I recently watched a Biography program featuring Molly Ringwald of 1980s comedy/drama fame including The Breakfast Club, Pretty in Pink and others. To my surprise, I found out that Molly is now an accomplished jazz singer. She said something that really struck me about her life. To paraphrase, she said something about the fact that she hasn’t reinvented herself into a jazz singer, she has just always evolved as a person. In fact, she used to sing with her father’s jazz group as a young girl, and returning to jazz singing has simply been a part of her evolving as a human being.
Now I don’t want to get hung up on the words “reinvention” and “evolution.” The fact is that most adults, myself included, have reinvented themselves at least once in their adult lives. However when Molly said that she saw her life as more of an evolution of herself, it seemed intentional, purposeful and natural. It spoke to me as a person who helps others to step into a greater expression of themselves, most times including “reinvention” or “evolution” on their part.
After many years of working with people in this way, I offer a few observations here to consider if you are also looking at the next evolution of yourself:
This is a good thing.
Many times people beat themselves up for wanting to or needing to evolve, when in fact, it’s a very natural thing. I mean, can you imagine being the exact same person you were as a teenager? I’ll speak for myself here: Yikes!
A client, we’ll call her Jane, came to me after having built very successful business. She was feeling frustrated because she didn’t want her business as it was anymore. She was bored and was feeling guilty about it. As we coached, she started to understand that evolving and reinventing herself was a really good thing because she got to serve people in a new way that actually invigorated her again. It didn’t mean that she didn’t like or appreciate her past. In fairly short order she decided to “hug” her past, appreciate what lead her to today and then with gratitude and compassion, start purposefully walking toward her future. She has since gone on to build credibility as a motivational speaker and mentor.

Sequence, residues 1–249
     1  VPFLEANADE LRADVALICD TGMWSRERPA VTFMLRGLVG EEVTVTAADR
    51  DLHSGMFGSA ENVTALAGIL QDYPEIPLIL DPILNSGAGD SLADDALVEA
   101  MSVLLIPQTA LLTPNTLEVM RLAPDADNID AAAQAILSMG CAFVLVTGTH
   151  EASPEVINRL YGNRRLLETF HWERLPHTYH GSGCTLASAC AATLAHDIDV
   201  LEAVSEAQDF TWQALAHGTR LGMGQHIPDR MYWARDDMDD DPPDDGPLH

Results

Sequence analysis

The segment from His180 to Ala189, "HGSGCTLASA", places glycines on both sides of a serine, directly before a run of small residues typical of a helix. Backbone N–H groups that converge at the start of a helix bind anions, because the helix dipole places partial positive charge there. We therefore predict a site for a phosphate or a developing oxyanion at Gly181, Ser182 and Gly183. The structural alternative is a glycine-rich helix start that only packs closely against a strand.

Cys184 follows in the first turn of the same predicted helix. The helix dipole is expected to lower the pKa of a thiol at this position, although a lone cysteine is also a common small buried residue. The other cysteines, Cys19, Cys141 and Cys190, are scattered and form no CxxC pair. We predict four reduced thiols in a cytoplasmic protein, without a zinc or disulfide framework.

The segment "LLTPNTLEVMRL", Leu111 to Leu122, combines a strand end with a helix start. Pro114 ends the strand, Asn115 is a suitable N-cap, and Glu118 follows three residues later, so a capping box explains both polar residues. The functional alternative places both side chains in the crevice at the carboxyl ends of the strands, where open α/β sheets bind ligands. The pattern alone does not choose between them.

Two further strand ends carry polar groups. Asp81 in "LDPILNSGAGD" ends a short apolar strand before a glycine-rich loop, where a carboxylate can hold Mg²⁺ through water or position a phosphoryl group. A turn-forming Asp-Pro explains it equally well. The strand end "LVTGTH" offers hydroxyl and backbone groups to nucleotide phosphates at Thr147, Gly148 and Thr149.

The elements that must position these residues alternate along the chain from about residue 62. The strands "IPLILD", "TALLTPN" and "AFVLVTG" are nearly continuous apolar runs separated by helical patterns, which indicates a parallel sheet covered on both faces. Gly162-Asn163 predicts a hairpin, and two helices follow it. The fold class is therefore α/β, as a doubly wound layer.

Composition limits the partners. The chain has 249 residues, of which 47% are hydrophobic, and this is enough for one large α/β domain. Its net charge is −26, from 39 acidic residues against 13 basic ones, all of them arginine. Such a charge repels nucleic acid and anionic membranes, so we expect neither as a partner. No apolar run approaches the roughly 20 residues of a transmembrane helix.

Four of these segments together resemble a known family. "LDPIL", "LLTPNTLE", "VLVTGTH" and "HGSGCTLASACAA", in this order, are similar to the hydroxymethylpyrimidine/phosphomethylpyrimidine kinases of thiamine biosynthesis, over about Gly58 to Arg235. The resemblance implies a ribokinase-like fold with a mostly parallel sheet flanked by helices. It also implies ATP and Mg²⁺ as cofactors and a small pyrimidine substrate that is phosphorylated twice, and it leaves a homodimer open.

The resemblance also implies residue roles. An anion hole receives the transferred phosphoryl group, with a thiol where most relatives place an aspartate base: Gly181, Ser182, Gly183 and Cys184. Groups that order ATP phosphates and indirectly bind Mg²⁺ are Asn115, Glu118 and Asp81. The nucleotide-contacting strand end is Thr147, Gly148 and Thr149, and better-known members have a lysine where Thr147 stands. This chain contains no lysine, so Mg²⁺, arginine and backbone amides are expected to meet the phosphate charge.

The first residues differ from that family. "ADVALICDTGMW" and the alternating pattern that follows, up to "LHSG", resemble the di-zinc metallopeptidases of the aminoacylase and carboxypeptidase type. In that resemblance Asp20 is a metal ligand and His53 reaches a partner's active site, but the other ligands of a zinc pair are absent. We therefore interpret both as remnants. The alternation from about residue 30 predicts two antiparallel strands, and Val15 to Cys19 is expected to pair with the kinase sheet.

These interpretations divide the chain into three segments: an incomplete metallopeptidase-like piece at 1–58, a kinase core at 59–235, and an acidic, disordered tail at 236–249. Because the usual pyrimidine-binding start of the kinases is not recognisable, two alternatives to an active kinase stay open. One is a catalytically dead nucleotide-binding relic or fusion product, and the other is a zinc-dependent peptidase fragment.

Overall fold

To do something like this for yourself, you will want to…
Create a vision.
It may seem obvious, but you need to know where you are going. If you are itching for something new, start to spell it out in as much detail as you can. Perhaps you can use your five senses and write about you will see, hear, taste, smell and touch when you have fully realized your new vision. For example, Molly Ringwald could have said that she hears jazz music every day, feels the music from within her and feels connected with her father.
Once you have this vision, review it often because…
It can be a bumpy ride.
Change may not comfortable, even if it’s a positive change. Even so, change should be intentional and purposeful. I propose that you set the bar high and then rise up to meet it. Just acknowledge that there will be challenges and try to plan for obvious bumps in the road so you can deal with them and move on.
To manage these changes, you will want to…
Tell others your plan.
Share your vision with others and ask them to hold you accountable. Ask them for any specific help you need emotionally, physically, spiritually or otherwise. You will need people around you who will help you keep moving and also to celebrate with as you have successes.
If you want help to define your next moves, I’m happy to help. I’ve set aside time to talk with the first 10 people who contact me this week who know they want to experience something like this in their own lives. Contact me at Info@RichLifeMarketing.com to set up a time for a complimentary 30 minute call with me today.
© 2013 Meredith Liepelt, Rich Life Marketing
Meredith Liepelt is a Brand Strategist specializing in creating visibility for experts. For branding and marketing insights, challenges and inspiration, visit www.RichLifeMarketing.com.
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